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Darter


Darter
Photo Information
Copyright: Karl Daniels (webphoto) Silver Note Writer [C: 9 W: 7 N: 56] (359)
Genre: Animals
Medium: Color
Date Taken: 2008-09-12
Categories: Birds
Camera: Canon EOS REBEL XSi 450D, Sigma 70-200 HSM II +Sigma 2.0x Extender, Kenko Pro1D UV 77mm
Exposure: f/10.0, 1/800 seconds
Photo Version: Original Version
Date Submitted: 2008-09-16 20:45
Viewed: 3366
Points: 4
[Note Guidelines] Photographer's Note
The darters or snake-birds are birds in the family Anhingidae. There are four living species, one of which is near-threatened. The darters are frequently referred to as snake-birds because of their long thin neck, which gives a snake-like appearance when they swim with their bodies submerged.
The darters are large birds with sexually dimorphic plumage. The males have black and dark brown plumage, an erectile crest on the nape and a larger bill than the female. The females have a much paler plumage especially on the neck and underparts. Both have grey stippling on long scapulars and upper wing coverts. The sharply pointed bill has serrated edges. The darters have completely webbed feet, and their legs are short and set far back on the body. Their plumage is somewhat permeable, like that of cormorants, and they spread their wings to dry after diving. Vocalizations include a clicking or rattling when flying or perching. During breeding adults sometimes have caw or hissing calls.

Range

Darters are circum-equatorial, tropical or subtropical. They inhabit either fresh or brackish water and can be found in lakes, rivers, marshes, swamps, estuaries, bays, lagoons and mangrove swamps. They tend to gather in flocks sometimes up to about 100 birds but are highly territorial when breeding. Most are sedentary and do not migrate, however the populations at extreme distributions may migrate. The Oriental Darter is near-threatened species[1]. Habitat destruction along with other human interferences is among the main reasons for a declining population.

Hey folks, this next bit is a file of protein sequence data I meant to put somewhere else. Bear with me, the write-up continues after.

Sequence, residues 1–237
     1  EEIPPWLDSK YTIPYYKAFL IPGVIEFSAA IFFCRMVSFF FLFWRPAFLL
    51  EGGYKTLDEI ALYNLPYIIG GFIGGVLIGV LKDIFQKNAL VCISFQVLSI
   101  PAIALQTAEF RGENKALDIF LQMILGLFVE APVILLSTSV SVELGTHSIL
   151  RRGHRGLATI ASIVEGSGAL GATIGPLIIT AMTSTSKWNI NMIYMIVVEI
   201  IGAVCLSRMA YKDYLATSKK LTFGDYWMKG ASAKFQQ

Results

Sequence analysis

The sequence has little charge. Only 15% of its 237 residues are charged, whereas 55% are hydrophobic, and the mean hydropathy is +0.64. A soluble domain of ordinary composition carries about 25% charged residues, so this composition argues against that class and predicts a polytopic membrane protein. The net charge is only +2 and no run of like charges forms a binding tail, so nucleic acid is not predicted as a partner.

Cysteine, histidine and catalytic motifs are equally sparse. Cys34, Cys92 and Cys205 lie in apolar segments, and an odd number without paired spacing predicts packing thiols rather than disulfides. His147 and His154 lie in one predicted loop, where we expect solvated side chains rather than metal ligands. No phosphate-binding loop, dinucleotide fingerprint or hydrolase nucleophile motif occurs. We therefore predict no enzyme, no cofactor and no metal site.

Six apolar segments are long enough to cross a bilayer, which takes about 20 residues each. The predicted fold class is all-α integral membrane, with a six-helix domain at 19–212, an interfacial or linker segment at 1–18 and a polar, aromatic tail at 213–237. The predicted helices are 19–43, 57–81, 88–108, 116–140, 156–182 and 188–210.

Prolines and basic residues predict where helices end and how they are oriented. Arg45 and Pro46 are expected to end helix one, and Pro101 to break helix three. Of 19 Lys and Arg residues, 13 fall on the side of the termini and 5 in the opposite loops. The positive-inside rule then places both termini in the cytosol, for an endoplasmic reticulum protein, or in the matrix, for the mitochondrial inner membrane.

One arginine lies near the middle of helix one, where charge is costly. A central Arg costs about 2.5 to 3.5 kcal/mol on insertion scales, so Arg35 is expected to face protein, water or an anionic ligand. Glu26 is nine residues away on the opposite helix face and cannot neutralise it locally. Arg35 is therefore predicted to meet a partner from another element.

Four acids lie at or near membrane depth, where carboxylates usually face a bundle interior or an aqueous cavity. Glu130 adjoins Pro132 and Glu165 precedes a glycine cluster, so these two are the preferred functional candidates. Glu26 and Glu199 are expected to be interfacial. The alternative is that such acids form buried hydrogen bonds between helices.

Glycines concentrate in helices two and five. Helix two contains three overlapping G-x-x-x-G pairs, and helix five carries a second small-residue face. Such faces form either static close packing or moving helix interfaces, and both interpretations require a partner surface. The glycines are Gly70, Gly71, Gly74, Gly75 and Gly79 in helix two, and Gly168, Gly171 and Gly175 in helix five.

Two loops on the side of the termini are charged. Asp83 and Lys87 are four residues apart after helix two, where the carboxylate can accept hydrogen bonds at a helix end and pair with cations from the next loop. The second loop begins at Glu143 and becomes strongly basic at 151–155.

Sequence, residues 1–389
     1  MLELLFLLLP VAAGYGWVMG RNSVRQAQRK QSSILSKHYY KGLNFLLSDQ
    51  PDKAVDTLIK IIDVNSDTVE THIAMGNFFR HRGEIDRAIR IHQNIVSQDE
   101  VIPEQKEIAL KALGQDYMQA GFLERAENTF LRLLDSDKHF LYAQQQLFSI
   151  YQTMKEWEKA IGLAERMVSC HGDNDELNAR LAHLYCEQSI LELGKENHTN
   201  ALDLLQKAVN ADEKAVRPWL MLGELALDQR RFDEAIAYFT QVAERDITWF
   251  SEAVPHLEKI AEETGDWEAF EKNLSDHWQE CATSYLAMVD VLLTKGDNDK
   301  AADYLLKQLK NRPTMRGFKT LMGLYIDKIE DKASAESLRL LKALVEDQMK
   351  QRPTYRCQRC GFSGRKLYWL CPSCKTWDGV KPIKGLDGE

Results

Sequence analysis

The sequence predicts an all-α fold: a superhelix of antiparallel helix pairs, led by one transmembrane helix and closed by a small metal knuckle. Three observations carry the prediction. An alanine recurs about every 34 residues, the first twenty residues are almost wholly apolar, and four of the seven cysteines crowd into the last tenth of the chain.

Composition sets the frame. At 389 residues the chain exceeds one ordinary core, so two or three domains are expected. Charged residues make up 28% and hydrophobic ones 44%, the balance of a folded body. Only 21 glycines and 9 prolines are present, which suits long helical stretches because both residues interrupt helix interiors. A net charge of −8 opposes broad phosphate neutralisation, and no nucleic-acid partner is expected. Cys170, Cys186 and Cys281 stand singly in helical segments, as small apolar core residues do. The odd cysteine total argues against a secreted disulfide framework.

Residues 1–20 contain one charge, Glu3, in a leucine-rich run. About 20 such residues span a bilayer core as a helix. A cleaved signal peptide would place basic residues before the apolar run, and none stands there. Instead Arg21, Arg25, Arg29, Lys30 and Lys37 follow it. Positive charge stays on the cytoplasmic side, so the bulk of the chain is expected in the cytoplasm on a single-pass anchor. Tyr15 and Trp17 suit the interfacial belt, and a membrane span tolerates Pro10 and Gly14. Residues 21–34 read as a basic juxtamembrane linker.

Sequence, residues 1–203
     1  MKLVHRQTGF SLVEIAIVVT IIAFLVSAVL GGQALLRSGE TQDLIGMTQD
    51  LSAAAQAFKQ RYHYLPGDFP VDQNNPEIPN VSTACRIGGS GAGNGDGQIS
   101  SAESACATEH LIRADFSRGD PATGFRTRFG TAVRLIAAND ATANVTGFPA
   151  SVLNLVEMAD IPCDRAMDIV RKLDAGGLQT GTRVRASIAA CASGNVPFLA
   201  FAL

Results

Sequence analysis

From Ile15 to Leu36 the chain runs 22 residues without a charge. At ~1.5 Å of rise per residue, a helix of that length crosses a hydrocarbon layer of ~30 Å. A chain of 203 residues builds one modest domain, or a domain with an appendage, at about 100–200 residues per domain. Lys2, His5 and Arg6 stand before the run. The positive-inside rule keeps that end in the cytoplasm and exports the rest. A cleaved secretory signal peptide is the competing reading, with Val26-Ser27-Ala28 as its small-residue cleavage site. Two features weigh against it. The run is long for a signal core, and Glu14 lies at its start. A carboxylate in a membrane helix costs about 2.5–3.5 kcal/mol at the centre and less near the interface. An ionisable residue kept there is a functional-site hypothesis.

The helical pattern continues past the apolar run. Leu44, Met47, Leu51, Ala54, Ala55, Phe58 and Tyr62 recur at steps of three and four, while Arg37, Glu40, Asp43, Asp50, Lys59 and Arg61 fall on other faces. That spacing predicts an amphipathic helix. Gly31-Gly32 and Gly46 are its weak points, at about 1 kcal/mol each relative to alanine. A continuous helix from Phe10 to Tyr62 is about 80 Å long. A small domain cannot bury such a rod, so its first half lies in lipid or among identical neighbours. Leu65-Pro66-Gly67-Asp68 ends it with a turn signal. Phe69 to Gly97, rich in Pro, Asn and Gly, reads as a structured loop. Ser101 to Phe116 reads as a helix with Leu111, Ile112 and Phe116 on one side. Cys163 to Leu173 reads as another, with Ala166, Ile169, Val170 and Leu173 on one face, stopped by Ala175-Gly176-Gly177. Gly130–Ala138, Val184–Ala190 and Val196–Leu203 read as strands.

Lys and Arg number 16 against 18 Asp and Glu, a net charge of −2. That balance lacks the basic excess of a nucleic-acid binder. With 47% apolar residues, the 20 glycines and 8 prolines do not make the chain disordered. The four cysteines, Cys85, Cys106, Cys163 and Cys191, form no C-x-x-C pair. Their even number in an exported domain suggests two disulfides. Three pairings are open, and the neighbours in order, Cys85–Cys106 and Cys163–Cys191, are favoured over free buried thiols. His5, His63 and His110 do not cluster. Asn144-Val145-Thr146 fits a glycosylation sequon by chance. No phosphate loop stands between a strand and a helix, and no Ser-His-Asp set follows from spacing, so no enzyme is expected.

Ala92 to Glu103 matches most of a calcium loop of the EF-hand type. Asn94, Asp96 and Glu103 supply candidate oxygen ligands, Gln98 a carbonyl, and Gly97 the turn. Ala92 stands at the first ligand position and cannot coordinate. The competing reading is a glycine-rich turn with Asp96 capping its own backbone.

[edit]Food and feeding

Darters feed mainly on fish. They use their sharply pointed bill to spear their prey when they dive; this is how they get the name darter. Their ventral keel is present on the 5-7 vertebrae which allows for muscles to attach so that they are able to project their bill forward like a spear. They also eat amphibians such as frogs and newts, reptiles such as snakes and turtles and invertebrates such as insects, shrimp and mollusks. These birds use their feet to move underwater and quietly stalk and ambush their prey. They then stab the prey, such as a fish, and bring them to the surface where they toss it into the air and catch and swallow it.

Breeding



Anhinga melanogaster "snake birds" nesting at Kalletumkara, Kerala
The darters are monogamous and pair bond during the breeding season. There are many different types of displays used for mating including male displays to attract the female, greeting displays between the male and female and pair bonding displays between the pairs. Also during breeding, their small gular sac changes from pink or yellow to black and the bare facial skin turns to turquoise from a yellow or yellow-green color. They usually breed in colonies.

Breeding can be seasonal or year round and varies by geographic range. The nests are made of twigs and are built in trees or reeds, often near water. The clutch size is two to six eggs (usually about 4) of a pale green color and the eggs are incubated for 25 to 30 days. The eggs hatch asynchronously. Bi-parental care is given and the young are considered altricial. They reach sexual maturity by about 2 years. These birds generally live to around 9 years.

WikiPedia Notes.

ISO - 400
FStop f/10
Shutter 1/800

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Critiques [Translate]

Hello Karl,

Very nice capture of this beautiful bird we are not used to see. Very nice composition. Good focus on the wings. The head is a little bit OOF. Very nice light and natural colours.
Cheers,
Mariki

Hi Karl,

Classical pose of the "slanghalsvoel". Nicely seperated from the background with good detail on the wings.

Robin

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